Law school can be a fascinating, valuable experience. If you are as lucky as I was – I graduated from Vermont Law School in 1978 – it will be. That said, it is worth knowing at the outset that for lawyers, practicing lawyers, law alone can never rise higher than being the second most important subject. Facts are the first priority. To practice law effectively one must always know, as best as one can, what the facts are, what the evidence is. Law students and young lawyers tend to think that answers to legal problems will be found in law books. Sometimes they are. It is important to know how to do legal research and to write well, very well. But it won’t matter if one doesn’t have the facts straight. Young associates are often given research assignments and head off to do legal research without paying enough attention to the facts, or to the assumptions of fact, that have given rise to the research assignment in the first place. Legal analysis not founded on a clearly stated set of facts – or on authorized, justifiable, accurate and complete assumptions of fact – is unlikely to have any use.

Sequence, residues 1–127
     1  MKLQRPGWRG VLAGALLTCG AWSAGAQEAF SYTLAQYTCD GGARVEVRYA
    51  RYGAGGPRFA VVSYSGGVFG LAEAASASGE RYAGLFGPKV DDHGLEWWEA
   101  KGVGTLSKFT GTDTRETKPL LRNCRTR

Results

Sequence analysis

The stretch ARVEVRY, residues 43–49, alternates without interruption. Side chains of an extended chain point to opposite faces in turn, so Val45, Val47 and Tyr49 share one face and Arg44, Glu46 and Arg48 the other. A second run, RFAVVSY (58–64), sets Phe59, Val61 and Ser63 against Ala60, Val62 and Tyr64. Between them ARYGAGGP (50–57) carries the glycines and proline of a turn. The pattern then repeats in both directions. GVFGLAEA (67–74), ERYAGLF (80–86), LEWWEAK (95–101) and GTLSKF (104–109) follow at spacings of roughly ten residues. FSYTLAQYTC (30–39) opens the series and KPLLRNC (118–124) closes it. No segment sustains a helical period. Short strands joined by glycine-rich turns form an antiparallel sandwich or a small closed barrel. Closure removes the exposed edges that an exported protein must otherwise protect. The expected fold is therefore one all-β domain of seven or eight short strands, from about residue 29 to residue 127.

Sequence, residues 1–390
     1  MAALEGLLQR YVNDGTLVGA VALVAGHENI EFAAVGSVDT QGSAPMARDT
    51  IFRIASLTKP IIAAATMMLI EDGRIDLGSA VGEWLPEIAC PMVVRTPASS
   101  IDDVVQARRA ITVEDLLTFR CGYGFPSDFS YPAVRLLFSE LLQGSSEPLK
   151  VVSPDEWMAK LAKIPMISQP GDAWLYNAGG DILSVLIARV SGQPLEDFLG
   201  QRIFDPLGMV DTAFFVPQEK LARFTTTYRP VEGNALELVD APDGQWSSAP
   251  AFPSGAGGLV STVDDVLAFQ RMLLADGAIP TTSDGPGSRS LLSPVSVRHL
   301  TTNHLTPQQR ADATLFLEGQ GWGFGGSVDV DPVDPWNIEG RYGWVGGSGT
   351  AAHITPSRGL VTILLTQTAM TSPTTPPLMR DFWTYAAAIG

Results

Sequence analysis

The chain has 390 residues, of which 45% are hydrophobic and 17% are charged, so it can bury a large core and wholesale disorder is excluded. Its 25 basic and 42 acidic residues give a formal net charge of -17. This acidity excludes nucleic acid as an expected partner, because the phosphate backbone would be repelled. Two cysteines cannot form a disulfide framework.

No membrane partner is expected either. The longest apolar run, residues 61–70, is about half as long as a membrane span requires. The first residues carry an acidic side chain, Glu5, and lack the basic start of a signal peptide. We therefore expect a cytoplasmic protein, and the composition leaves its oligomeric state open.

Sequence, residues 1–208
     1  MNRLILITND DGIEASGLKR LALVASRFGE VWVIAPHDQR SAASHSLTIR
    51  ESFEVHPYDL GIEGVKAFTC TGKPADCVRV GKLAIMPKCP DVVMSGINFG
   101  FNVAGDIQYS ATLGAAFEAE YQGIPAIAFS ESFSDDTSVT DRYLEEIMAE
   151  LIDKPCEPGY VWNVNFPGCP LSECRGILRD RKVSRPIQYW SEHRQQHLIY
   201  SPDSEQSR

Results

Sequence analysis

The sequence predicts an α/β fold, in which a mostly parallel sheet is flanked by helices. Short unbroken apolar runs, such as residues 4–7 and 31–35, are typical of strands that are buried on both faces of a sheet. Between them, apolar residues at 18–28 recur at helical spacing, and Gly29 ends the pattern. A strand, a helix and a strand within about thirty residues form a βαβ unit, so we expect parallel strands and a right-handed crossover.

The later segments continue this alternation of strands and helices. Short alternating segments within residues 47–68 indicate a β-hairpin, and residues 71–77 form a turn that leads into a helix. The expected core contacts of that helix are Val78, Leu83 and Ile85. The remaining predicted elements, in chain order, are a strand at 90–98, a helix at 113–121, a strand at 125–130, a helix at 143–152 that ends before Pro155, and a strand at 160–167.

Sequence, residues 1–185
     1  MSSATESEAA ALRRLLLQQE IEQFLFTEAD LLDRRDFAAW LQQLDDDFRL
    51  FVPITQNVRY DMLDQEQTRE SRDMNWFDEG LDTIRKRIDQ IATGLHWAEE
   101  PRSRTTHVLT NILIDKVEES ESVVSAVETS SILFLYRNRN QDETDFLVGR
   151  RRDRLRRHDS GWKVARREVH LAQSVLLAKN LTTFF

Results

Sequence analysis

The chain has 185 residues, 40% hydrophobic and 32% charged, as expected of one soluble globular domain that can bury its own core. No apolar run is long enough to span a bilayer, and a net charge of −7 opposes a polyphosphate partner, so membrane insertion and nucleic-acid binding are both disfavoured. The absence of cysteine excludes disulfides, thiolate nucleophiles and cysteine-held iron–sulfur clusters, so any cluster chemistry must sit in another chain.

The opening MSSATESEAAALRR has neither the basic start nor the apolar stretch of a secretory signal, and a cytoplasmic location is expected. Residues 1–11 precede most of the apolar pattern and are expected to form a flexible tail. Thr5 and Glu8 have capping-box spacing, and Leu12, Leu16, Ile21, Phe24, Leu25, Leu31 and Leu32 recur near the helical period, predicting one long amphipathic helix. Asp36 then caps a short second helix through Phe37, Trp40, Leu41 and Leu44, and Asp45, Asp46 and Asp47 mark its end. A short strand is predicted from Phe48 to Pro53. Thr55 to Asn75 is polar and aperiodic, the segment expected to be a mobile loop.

Enjoy law school. Enjoy the challenge of learning about law and legal process. But, from the beginning – from the moment you walk into law school for the first time – remember: Facts matter. Evidence matters. Both are elusive. Both require consistent attention and respect. Always.